“Rab C was a big gamble for the BBC because it was difficult for people down south to understand, but it paid off. I don’t think Chewin’ the Fat has half of the problems with intelligibility that Rab C has.”

With Nesbitt, McSocrates in a soiled string vest, south-of-the-border Scots had to translate some of the rants. But that soon stopped – a heidbanger is a heidbanger in any language.

As with Connolly, the new comedians are continually pushing out the boundaries of taste. The CTF team were headlined by one tight-corseted Scottish Sunday paper as “The most offensive comics in Britain”. Their repertoire includes a family of smokers who have had their larynxes removed and talk through throat-mike simulators, and the randy OAP Betty confiding her lewd reminiscences of the war to a goggle-eyed interviewer. The only taboo is to be unfunny.

They may be harder-edged, but the Scottish modernists are following in the situation-sketch tradition that goes back to the “penny geggies” of the 19th century. From the Glasgow word to “gag”, they began as booth theatres on Glasgow Green at the annual trades holidays and toured the country, with the emphasis on quick- witted interaction between the performers and their working-class audiences.

Their successors – Lauder, Harry Gordon (the “Laird of Inversnecky”), Will Fyffe of “I Belong to Glasgow”, the Max Miller-ish Lex McLean, Andy Stewart, Jimmy Logan and Stanley Baxter – learnt to switch in and out of character in the music halls.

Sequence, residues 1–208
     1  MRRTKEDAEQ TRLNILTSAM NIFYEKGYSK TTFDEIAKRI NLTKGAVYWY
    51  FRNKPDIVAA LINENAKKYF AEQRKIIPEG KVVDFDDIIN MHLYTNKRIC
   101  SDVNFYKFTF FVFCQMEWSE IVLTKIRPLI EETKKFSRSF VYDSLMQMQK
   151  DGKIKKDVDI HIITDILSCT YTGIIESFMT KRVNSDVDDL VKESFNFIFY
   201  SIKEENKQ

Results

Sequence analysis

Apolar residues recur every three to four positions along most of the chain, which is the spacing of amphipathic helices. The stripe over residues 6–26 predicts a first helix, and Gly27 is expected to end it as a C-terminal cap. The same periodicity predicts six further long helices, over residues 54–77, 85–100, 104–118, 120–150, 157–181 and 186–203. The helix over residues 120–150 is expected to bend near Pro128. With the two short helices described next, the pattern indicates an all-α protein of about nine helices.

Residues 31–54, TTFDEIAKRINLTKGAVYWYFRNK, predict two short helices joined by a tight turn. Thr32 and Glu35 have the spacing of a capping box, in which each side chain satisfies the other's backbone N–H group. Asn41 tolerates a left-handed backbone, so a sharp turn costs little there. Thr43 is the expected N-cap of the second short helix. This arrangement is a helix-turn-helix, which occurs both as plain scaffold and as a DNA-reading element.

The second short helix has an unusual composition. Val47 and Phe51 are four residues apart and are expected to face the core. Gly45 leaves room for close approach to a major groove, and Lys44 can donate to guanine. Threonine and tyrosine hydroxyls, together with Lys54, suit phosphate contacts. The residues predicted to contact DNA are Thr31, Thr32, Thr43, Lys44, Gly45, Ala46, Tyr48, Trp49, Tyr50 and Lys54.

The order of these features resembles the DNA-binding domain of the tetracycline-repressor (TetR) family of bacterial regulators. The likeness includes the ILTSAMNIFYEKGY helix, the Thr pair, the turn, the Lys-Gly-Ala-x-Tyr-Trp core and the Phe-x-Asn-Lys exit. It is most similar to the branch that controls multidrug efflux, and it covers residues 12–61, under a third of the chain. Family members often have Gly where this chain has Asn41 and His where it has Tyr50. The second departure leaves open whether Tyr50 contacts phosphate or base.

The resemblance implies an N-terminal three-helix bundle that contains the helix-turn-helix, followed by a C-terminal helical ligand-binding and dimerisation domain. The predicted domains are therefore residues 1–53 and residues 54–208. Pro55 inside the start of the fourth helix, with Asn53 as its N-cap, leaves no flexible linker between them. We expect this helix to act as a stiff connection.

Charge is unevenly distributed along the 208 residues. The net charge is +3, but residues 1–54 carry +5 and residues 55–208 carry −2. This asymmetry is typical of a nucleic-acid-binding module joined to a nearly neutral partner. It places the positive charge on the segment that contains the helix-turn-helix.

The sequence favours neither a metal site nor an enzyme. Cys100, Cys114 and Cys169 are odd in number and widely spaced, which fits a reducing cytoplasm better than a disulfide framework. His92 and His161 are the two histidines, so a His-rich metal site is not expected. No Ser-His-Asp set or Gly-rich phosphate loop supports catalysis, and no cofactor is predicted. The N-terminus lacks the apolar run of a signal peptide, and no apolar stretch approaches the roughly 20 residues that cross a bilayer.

Scottish character humour reached its zenith in the recently retired Rikki Fulton, whose Reverend I M Jolly, the dog- collared depressive on Late Call, is still an indispensable first-footer without whom Hogmanay is not complete.

His partnership with Jack Milroy as Francie and Josie, two lads-about-Glesga, transferred from variety to TV (although, sadly for Sassenachs, not UK-wide) and back again. Fulton’s Josie is only slightly more intelligent that Milroy’s Francie, and both are a few chips short of a fish supper. To see them work live is to watch performers and audience become one.

Their lesson in Barraland dance-hall protocol is straight from real-life west of Scotland courtship. From the greeting “Hullawrerr, fair midden” (the malapropic joke is that it is meant to be “maiden”, but “midden” is a rubbish dump) to the laconically ritual interchange: “Yiz daancin’?” “Yiz aaskin’?” “Ah’m aaskin’.” “Ah’m daancin’.” And on to “Yir wan in a million” – “So’s yir chances!”

Their Arbroath joke is one of the worst ever told, but that is the very point. The essence is that a man knocks at the door and asks if his lady friend is in, only to be told: “No, she’s at Arbroath.” To which the caller replies: “That’s OK, I’ll jist wait ’til she’s finished.”

Geddit? Not if you’re a Sassenach, you won’t, because it is a play on the place name, and the caller thinks that she’s “at her broth” . . . aw, forget it.

The real point is that Fulton and Milroy spin this out into a ten-minute routine. They are laughing at the prospect of telling it, mess up the punchline and have to keep re-telling it with variations. The routine is so well known that the audience is mouthing the words with them, while stout parties are collapsing in the stalls with tears running down their cheeks, holding their sides in an agony of laughter and threatened incontinence. Despite its familiarity, it never fails, even on repeatedly played videos. You see, it’s the way they tell them – in character.

Whether he likes to admit it or not, Connolly owes a lot to that tradition. Next time he tries to disown it, someone should tell him: “Gonny no dae that?”